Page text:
An exception to this wall of immunity for trial and pretrial testimony exists for a "complaining witness." Complaining witnesses were not absolutely immune from malicious prosecution suits at common law.4 Malley, 475 U.S. at 340; Harris v. Roderick, 126 F.3d 1189, 1199 (9th Cir. 1997). "The common law made a subtle but crucial distinction between two categories of witnesses with respect to their immunity for false testimony. Those whose role was limited to providing testimony enjoyed immunity; those who played a role in initiating a prosecution-- complaining witnesses--did not enjoy immunity." White v. Frank, 855 F.2d 956, 958-59 (2d Cir. 1988). To qualify as a complaining witness (and thereby be disqualified from absolute immunity), a witness must play a sufficient role in initiating the prosecution.5 Id. at 962. Of course, merely providing false testimony to a grand jury is not enough. Id. at 961. Rather, as we stated in Curtis, a complaining witness is one "'who actively instigated or encouraged the prosecution of the plaintiff.'" 48 F.3d at 286 (quoting Anthony, 955 F.2d at 1399 n.2); see Ireland v. Tunis, 113 F.3d 1435, 1447 (6th Cir. 1997) (no immunity for a "complaining witness who set the wheels of government in motion by instigating a legal action"); Enlow, 962 F.2d at 511 (a complaining witness is one who actively instigated, encouraged, or perpetrated the prosecution). Thus, the term "complaining witness" is something of a misnomer, as the complainant need not testify as a witness so long as he played a significant role in initiating or procuring the prosecution. Kalina v. Fletcher, 118 S. Ct. 502, 512 (1997) (Scalia, J., concurring).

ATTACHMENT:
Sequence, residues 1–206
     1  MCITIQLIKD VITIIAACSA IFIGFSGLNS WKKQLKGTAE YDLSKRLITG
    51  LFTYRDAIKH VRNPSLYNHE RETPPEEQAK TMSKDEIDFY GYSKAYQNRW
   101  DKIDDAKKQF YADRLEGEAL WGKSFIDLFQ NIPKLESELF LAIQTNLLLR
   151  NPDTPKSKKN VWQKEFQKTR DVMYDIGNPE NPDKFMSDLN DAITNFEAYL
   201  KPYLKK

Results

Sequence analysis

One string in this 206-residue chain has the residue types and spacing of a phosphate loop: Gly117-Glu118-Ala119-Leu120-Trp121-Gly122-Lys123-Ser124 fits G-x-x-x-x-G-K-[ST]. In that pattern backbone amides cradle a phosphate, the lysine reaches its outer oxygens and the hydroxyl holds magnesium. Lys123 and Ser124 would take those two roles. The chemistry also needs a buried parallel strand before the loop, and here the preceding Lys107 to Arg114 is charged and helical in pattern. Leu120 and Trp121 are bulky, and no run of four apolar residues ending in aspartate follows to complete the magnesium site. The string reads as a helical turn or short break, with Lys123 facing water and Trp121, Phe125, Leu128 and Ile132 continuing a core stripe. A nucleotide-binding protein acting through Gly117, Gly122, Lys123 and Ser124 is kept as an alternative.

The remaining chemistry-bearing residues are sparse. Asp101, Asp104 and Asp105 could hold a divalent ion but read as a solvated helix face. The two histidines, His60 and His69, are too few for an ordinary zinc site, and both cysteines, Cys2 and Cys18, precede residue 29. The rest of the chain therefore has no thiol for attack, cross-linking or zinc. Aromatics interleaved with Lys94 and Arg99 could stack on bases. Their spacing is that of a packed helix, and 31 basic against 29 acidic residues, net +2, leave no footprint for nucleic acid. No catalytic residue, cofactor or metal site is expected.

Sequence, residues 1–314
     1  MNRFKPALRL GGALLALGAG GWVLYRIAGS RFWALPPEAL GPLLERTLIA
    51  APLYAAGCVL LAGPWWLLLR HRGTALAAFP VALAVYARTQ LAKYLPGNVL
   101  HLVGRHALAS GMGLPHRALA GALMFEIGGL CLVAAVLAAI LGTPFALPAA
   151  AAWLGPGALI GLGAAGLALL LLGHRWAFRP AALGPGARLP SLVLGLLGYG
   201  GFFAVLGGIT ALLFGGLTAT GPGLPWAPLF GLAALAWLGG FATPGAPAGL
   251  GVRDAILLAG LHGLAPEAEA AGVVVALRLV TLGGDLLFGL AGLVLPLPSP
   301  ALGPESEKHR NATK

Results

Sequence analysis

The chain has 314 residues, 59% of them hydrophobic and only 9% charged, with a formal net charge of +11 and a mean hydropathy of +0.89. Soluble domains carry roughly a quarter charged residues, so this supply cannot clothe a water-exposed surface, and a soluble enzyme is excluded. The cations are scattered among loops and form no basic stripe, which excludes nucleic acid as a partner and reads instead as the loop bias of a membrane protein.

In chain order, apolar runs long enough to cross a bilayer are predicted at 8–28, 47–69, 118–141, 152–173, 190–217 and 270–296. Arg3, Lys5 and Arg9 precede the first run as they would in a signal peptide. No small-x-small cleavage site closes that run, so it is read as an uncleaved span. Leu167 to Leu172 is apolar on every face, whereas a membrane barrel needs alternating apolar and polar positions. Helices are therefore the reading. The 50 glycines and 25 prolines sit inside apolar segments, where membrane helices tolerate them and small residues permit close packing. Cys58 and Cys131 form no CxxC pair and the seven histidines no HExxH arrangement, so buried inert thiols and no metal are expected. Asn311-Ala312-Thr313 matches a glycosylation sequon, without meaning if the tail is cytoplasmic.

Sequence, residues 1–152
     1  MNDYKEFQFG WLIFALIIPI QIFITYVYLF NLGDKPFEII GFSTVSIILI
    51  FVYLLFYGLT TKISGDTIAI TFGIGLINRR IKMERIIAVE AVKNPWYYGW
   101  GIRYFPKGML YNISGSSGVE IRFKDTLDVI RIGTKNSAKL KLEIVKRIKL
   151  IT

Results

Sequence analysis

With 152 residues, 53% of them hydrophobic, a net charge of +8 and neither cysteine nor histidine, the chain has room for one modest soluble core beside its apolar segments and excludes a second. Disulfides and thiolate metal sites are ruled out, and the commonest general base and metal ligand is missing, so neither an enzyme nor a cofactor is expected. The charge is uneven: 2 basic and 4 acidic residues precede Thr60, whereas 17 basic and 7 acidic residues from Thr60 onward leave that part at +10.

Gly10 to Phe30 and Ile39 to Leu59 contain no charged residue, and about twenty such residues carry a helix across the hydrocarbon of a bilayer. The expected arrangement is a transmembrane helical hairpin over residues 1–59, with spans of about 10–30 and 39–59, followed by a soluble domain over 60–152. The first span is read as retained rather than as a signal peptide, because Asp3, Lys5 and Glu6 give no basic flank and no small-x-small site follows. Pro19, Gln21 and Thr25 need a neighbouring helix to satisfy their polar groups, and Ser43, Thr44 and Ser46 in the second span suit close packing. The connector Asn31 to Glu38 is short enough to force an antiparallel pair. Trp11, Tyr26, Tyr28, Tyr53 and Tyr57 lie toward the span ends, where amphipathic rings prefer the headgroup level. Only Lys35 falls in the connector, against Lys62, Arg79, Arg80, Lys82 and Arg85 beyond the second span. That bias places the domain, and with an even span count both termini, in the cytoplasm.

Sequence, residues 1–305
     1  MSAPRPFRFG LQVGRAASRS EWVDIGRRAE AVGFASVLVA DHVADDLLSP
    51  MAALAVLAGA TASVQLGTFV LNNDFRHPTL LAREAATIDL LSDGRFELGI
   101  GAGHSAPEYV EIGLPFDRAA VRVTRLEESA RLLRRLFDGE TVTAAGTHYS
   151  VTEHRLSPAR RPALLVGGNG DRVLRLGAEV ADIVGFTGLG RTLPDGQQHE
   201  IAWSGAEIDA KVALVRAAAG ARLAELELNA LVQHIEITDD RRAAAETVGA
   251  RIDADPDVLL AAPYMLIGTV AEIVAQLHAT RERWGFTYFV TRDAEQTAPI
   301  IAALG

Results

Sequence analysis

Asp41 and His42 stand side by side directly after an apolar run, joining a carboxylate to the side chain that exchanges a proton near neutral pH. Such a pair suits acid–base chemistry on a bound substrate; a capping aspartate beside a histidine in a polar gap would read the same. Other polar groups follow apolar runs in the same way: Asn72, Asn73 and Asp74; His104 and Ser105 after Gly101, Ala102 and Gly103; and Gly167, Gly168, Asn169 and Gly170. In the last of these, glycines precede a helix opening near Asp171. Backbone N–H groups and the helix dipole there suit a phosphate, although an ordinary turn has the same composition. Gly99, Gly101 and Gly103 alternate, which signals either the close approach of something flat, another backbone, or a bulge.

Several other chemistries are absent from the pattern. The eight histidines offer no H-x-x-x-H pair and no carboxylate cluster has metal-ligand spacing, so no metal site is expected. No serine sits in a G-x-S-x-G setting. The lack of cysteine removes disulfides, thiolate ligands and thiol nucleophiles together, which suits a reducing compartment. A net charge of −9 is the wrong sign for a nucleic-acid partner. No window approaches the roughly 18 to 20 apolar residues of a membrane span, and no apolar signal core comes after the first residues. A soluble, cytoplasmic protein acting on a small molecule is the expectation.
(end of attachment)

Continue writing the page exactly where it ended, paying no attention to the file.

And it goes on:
As we mentioned above, the district court found that Jones was not an initiator of the prosecution, and thus Cervantes failed to establish an essential element of his Illinois and federal claim and Jones was entitled to absolute immunity. 23 F. Supp. 2d at 890. Indeed, the record showed that while Jones was the one who suggested that the Kane County State's Attorney's Office obtain blood and hair samples from Cervantes, he never exhorted prosecutors to seek an indictment of Cervantes--at least not in so many words. According to the affidavit of the State's Attorney, John Barsanti, he (Barsanti) made the decision to prosecute Cervantes. But we note that Jones was the only witness to testify before the grand jury, and during that testimony he made allegedly false statements indicating that Cervantes essentially confessed to the murder. Jones also appeared to be the lead investigator and the...